surinenglish

The Seine old song

Demis Roussos came up in conversation down at The Shakespeare the other day so we put his biggest hit Forever And Ever on the jukebox (oh, alright, the computer) and I was immediately transported back to halcyon days of my childhood - Toast Toppers (yum, yum) and Hot Wheels (vroom, vroom). What an absolutely fantastic voice - Roussos, I mean, not me aged eight shouting 'Vroom, vroom'. It's that soulful, quivering timbre that sets the best singers apart from their peers and allows them to cross borders and, often, continents with their stirring renditions of carefully selected ballads.

As I'm sure you'll have seen in the news, Charles Aznavour died this week aged 94. He was also one of those international crooners that everybody liked, even people who said they didn't. Like Roussos and Julio Iglesias, his tone of voice touched many more hearts than just the housewives who were happy to admit it. I remember hearing She on the radio for the first time in the seventies and almost dropping my Weetabix biscuit with butter and jam onto my ten-year-old lap in amazement. Aznavour sings it quite magnificently and I'm sure Elvis Costello, who may or may not be a regular reader of this column, won't mind me saying that his version is quite risible in comparison. Or, actually, maybe he will mind, but then he should stop singing like a strangulated badger and perhaps people wouldn't be so harsh towards him.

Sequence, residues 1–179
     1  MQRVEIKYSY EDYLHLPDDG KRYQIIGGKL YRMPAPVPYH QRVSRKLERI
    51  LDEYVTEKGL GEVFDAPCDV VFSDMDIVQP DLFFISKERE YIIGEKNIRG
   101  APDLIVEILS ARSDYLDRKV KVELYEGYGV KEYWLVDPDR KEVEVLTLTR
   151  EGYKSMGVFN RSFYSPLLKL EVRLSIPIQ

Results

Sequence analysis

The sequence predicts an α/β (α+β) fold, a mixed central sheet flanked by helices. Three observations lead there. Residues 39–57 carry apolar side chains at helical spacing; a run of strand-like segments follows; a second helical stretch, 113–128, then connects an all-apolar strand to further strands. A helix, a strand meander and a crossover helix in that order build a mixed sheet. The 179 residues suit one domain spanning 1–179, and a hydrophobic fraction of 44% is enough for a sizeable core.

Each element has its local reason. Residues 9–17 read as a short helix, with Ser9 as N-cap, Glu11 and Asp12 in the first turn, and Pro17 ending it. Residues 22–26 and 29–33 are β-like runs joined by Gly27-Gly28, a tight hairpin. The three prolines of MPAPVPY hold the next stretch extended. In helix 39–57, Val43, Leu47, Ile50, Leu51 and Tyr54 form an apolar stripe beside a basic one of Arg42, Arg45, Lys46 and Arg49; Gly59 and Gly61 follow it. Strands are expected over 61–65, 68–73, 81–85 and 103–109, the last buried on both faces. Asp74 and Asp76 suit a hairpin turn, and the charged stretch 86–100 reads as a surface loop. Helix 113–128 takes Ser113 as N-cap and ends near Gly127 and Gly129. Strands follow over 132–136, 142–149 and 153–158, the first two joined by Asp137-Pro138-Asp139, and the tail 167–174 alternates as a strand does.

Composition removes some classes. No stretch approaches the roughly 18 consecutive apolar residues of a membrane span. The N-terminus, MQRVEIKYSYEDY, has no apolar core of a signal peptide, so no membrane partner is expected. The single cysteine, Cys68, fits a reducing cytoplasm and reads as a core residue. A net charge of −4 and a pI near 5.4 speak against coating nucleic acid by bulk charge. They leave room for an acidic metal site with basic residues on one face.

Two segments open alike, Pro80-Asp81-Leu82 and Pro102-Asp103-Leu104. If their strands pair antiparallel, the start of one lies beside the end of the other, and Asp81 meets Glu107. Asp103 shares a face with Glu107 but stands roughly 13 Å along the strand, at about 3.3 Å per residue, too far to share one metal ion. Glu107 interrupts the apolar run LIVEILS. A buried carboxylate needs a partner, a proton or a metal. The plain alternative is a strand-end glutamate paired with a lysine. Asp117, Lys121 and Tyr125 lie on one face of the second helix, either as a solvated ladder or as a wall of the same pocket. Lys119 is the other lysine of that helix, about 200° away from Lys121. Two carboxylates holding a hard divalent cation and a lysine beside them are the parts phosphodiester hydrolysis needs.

Anyway, back to Aznavour and his none-too-shabby composing skills. Yesterday When I Was Young has to be one of the best three torch songs ever written and Dusty Springfield's version is, quite remarkably, even better than the original. That took some doing, Dusty. Hats off to you. The Aznavour original spent four weeks at number one in the UK charts in the summer of 1974, keeping Slade's Bangin' Man off the top spot into the bargain which, let's face it, can only have been a good thing.

Legend has it that recording sessions with the very likable French balladeer often involved rooftop Parisian cocktails as an integral part of the whole experience - now that's the kind of pop star you'd love to produce or engineer for.

Married three times, father to six children, over 180 million records sold, rooftop cocktails gazing over Paris in the late autumnal evening - it's as if the expression 'bon vivant' was invented for him.

I bet he never had a chicken and mushroom Toast Topper, though - you definitely missed a trick there, Charles.

Rest In Peace.